Like it or not, we are exceptionally popular carriers for raging throngs of bacteria. Forget scare-mongering studies on how many microbes are living on keyboards and cellphones. It’s the humans who are really ripe. Scientists have estimated that the number of bacteria living in an average, healthy adult human outnumbers the human cells by ten to one.
Of course, not all bacteria are bad. In fact, the concept of “good” bacteria , necessary for a healthy digestive tract and a whole host of other ensuing benefits, starts to become ingrained from Kindergarten onward. When it comes to ensuring your body is in balance with adequate amounts of good bacteria, one of the easiest, most accessible means of doing so is through diet.
Yogurt, a fermented dairy product made by adding bacterial cultures to milk, causing the transformation of lactose into lactic acid, has suffered a bit of a bad wrap recently. A rise in dairy sensitivity may contribute to a slight lessening in yogurt’s popularity, but not nearly so much as the proliferation of neon-colored, yogurt-like products brimming with high fructose corn syrup, dyes, and chemicals. But quality yogurt comes with numerous great health benefits, not the least being the inclusion of healthy, live bacteria.
Eating yogurt has been associated with boosting immune response, contributing to colon health, and increasing the absorption of calcium and B-vitamins. Studies have also linked eating yogurt with weight control. In addition to the probiotic (referring to living organisms that can provide health boosts) benefits, yogurt is a source of important nutrients such as calcium, phosphorus, B-vitamins, zinc, potassium, protein and more.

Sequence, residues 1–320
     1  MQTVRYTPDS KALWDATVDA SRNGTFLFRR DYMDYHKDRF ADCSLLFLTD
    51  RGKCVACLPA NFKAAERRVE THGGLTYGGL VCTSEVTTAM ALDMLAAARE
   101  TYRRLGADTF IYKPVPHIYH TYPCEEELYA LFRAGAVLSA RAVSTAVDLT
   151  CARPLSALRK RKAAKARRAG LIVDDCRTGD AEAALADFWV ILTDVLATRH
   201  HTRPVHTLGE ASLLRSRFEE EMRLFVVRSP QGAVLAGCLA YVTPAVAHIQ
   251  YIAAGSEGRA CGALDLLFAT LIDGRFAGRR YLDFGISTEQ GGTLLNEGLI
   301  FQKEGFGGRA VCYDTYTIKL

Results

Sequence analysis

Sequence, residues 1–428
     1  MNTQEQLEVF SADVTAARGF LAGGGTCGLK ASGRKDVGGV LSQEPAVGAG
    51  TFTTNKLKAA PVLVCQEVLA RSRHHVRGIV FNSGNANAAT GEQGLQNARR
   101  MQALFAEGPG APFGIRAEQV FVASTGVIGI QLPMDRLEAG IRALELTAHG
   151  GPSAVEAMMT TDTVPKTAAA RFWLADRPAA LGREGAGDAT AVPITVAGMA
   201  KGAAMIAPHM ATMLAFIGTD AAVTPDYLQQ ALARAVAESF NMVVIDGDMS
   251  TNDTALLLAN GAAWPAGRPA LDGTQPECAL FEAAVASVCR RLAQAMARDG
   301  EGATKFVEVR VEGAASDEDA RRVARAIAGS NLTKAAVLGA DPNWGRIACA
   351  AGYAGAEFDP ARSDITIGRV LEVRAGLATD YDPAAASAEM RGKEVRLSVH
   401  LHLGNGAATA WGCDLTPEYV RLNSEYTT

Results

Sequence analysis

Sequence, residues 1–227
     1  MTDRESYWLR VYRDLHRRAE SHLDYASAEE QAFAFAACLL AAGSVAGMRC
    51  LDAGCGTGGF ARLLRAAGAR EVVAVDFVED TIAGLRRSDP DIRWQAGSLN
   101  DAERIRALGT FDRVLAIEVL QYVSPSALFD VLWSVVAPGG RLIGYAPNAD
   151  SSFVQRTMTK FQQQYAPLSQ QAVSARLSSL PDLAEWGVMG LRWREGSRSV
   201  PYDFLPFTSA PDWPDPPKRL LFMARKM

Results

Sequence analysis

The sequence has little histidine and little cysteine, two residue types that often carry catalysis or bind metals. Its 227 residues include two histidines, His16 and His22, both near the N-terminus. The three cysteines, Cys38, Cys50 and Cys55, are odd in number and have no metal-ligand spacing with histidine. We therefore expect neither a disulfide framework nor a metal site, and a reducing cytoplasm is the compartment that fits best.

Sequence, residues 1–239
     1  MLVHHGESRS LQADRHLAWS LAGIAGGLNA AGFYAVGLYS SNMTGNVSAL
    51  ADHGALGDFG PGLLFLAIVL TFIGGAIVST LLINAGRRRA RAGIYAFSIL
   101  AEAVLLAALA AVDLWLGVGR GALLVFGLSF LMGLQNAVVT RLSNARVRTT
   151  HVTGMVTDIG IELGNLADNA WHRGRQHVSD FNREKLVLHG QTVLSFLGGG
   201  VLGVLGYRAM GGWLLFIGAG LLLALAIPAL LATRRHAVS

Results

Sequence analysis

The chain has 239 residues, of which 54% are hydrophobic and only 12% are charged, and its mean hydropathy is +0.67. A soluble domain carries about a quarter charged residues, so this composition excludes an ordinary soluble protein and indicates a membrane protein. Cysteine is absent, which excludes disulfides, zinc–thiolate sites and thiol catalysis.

Want to be certain you’re getting great quality yogurt? Check labels carefully, looking out for natural ingredients and live, active cultures. Or, make your own. The process is simple, and takes very little involved, active time. All you need is milk, containers (glass mason jars seem to be the most popular choice), and some kind of starter, either a packet of freeze-dried yogurt starter, such as from yogourmet, or plain, already made yogurt. Some people like to include some powdered milk, too, as a thickener. Here’s what to do:
- First, sterilize your jars by boiling, approximately 10 minutes.
- Next, heat your milk in a heavy stockpot to 170 degrees F.
- Remove your milk from heat source and let it cool to about 110 degrees F.
- Stir a small amount of milk into the starter to help break up the yogurt, then mix in with the rest of the milk. For 1 quart of milk, use approximately 2 tablespoons of plain yogurt with live, active cultures (some recommend using a little more, up to ½ cup). Whisk to combine smoothly.
Pour your milk into your jars, filling to about an inch from the top, and put your lids on. Place jars in the oven with the pilot light on until the yogurt sets, which should take between 4 to 8 hours. Place in the refrigerator.